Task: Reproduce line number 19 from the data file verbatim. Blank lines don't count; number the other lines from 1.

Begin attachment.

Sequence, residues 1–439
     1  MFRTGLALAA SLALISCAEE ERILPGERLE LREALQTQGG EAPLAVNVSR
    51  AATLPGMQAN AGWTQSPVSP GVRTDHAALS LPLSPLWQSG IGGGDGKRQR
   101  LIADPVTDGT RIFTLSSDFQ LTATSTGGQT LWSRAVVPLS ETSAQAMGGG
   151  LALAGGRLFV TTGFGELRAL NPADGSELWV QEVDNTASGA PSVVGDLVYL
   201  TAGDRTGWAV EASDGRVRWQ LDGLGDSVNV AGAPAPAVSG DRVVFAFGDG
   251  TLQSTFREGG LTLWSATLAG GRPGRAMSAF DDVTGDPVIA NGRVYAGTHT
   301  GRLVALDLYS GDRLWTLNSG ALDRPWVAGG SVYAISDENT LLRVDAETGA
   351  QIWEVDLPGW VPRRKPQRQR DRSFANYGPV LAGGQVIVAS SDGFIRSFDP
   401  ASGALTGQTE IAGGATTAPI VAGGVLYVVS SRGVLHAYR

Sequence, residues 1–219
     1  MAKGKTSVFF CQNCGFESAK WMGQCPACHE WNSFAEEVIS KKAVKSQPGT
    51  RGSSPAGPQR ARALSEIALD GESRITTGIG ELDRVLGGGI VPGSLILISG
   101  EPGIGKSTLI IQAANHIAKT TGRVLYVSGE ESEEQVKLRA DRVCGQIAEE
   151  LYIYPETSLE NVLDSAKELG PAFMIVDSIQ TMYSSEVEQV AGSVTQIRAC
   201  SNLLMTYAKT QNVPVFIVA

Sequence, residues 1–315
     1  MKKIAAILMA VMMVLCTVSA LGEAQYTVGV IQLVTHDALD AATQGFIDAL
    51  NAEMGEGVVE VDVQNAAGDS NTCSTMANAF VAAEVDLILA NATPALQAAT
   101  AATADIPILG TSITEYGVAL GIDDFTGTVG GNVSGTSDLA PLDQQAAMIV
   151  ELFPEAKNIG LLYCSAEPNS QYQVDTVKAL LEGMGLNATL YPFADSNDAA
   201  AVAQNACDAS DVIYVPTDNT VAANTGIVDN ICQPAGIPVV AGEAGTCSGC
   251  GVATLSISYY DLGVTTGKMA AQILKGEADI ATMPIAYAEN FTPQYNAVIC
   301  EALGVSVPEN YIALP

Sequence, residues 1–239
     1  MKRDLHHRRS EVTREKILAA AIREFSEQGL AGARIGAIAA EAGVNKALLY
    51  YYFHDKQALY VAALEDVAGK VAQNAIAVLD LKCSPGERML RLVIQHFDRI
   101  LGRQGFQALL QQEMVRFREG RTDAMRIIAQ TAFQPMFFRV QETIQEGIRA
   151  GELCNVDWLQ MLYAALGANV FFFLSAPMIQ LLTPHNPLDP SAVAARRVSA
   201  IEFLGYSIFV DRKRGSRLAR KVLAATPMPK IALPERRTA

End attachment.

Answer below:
    51  NAEMGEGVVE VDVQNAAGDS NTCSTMANAF VAAEVDLILA NATPALQAAT